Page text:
Gift from Daniel E. Offutt III Charitable Trust supports construction of new building, lecturers in CSE
A $400,000 gift from the Daniel E. Offutt III Charitable Trust has been made for the benefit of the College of Engineering and the School of Information.
$300,000 of the gift will be used for construction of the forthcoming Leinweber Computer Science and Information Building. The future building on the University of Michigan’s North Campus will be the new home for the School of Information (UMSI) and will provide expansion space for the Computer Science and Engineering Division (CSE) of Michigan Engineering, bringing the two units together under one roof for the first time. In recognition of this gift, the maker’s space on the first floor of the new building will be named the Richard Orenstein and Daniel Offutt Maker’s Laboratory.
$100,000 of the gift will be used to establish the David Chesney Lecturer Support Fund in CSE. Inspired by the activities of Toby Teorey Collegiate Lecturer David Chesney, the fund will support the activities of teaching faculty in CSE. Chesney is well known for his work in engineering for the greater good, in which he engages his students in projects designed to address the challenges of individuals with disabilities or to otherwise create technical interventions for societal good.
The late Mr. Offutt graduated from the University of Maryland and received an MBA from Columbia University in 1965. His career was as a stock trader. His longtime friend and colleague, Richard Orenstein, made the gift on behalf of the Trust.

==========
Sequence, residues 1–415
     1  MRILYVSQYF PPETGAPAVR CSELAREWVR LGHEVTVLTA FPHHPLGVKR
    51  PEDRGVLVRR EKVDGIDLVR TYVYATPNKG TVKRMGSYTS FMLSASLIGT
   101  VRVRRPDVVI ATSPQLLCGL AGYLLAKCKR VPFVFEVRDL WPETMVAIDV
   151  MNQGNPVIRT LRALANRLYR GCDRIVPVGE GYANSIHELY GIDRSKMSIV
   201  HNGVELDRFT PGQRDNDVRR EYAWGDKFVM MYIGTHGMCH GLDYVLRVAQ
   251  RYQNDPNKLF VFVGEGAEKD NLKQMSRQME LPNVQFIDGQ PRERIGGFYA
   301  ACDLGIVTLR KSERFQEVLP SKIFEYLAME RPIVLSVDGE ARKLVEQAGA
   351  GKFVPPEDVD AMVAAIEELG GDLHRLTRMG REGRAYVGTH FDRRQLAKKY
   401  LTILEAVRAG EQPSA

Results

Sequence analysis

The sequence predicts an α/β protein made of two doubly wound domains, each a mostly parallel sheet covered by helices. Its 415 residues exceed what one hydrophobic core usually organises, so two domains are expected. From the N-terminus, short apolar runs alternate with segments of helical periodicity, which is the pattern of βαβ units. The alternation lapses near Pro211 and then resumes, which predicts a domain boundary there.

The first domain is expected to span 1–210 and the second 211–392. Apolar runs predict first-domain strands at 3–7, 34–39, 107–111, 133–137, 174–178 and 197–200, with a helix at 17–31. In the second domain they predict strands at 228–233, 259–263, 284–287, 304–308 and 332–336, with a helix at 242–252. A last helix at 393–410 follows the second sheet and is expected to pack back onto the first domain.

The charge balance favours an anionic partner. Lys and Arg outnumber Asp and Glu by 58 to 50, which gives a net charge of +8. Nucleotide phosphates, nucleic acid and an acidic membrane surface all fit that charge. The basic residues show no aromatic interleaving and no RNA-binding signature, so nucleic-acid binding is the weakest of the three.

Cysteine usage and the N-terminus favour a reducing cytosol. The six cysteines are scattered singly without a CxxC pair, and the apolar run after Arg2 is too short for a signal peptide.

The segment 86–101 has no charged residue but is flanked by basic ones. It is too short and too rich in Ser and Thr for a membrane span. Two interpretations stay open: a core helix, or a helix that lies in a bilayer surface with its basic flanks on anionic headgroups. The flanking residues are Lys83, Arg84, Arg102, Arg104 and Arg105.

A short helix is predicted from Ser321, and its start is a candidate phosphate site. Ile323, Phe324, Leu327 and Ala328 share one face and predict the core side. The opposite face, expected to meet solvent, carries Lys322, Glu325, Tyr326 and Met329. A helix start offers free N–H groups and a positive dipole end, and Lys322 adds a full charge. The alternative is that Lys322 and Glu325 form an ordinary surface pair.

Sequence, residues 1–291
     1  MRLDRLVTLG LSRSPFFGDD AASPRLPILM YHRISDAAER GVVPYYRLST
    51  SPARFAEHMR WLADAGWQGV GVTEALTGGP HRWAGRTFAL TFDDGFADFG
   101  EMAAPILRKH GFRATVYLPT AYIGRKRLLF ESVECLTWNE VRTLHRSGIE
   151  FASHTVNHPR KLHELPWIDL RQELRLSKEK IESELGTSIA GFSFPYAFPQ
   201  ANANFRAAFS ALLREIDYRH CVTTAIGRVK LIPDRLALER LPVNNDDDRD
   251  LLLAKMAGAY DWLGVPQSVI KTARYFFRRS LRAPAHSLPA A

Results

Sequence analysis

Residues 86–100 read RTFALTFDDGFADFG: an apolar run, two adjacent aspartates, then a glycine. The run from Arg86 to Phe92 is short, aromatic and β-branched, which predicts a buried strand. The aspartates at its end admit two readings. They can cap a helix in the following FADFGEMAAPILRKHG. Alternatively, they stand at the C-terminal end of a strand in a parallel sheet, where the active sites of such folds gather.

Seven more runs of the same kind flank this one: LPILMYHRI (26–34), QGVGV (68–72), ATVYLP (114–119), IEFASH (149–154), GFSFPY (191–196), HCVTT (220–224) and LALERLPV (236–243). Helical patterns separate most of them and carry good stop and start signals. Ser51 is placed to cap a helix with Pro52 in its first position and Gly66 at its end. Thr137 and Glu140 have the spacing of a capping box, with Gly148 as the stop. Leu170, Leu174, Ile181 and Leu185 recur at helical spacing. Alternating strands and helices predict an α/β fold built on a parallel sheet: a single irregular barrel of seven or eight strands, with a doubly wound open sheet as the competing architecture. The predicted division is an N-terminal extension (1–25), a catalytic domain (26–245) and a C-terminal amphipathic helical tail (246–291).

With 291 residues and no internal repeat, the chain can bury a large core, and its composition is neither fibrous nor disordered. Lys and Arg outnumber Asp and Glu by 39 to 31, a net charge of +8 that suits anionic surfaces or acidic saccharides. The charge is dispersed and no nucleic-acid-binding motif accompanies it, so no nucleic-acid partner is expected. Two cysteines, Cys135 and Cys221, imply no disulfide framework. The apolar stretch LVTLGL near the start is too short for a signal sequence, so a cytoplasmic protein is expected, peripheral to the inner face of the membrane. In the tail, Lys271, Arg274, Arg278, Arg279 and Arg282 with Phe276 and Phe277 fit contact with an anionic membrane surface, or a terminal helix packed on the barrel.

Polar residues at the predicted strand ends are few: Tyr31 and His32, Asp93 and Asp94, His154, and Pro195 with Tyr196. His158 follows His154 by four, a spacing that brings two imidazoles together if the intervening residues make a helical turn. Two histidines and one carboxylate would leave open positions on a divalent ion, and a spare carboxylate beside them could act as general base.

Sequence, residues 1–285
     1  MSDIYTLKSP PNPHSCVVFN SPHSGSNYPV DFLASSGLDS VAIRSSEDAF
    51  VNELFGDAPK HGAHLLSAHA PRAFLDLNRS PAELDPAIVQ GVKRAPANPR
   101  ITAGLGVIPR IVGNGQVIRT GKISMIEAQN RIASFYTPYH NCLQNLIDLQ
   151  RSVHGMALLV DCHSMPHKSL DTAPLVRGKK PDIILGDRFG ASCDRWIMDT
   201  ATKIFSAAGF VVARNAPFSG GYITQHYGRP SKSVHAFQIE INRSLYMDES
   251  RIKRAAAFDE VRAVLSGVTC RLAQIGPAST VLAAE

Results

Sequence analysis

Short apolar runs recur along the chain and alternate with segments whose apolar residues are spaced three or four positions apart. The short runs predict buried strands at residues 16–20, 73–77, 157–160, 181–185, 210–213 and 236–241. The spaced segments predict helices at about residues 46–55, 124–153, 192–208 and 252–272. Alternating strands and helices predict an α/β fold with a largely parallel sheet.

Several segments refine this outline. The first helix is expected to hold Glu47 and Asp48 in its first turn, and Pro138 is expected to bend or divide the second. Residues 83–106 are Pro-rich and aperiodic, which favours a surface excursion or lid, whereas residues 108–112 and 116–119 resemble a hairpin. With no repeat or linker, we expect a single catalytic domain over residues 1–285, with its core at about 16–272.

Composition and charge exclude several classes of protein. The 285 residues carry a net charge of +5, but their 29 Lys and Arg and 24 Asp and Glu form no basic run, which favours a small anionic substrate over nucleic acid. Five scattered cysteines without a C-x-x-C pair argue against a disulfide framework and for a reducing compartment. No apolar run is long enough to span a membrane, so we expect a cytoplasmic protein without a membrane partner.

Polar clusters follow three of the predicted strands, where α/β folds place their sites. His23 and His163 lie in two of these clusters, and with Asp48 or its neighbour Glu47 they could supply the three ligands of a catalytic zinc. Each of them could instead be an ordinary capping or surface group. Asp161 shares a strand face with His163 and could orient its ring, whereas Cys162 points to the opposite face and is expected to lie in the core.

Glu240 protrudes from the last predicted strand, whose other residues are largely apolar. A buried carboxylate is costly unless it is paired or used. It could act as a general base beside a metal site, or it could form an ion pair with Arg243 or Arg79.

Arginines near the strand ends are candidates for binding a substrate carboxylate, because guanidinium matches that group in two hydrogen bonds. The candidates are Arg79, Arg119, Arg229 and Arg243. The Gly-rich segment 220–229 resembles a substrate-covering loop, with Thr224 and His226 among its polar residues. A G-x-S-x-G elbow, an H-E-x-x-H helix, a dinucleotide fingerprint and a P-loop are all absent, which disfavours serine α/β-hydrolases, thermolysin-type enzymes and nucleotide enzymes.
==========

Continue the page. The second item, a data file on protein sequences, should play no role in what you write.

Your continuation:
Richard Orenstein (BS Math 1962) was a student at U-M from 1958–1962, a time period during which computing was still emerging as an area of research and as a discipline at the University. Some classes in computation were being developed and offered, but an undergraduate program would not be formed until 1965. Orenstein, who had a strong interest in the nascent field, took as many classes in computing as he could and majored in math. He continues to hold a strong interest in computing-related research at Michigan.
After completion of his degree, Orenstein took a post at MIT, where he was a part of the team that developed and implemented the Compatible Time-Sharing System (CTSS) at the MIT Computation Center in 1963. CTSS was created to increase the efficiency of debugging and running large applications, and to make feasible new classes of applications. In 1967, along with others, he founded Computer Software Systems, later renamed National CSS, which was sold in 1979.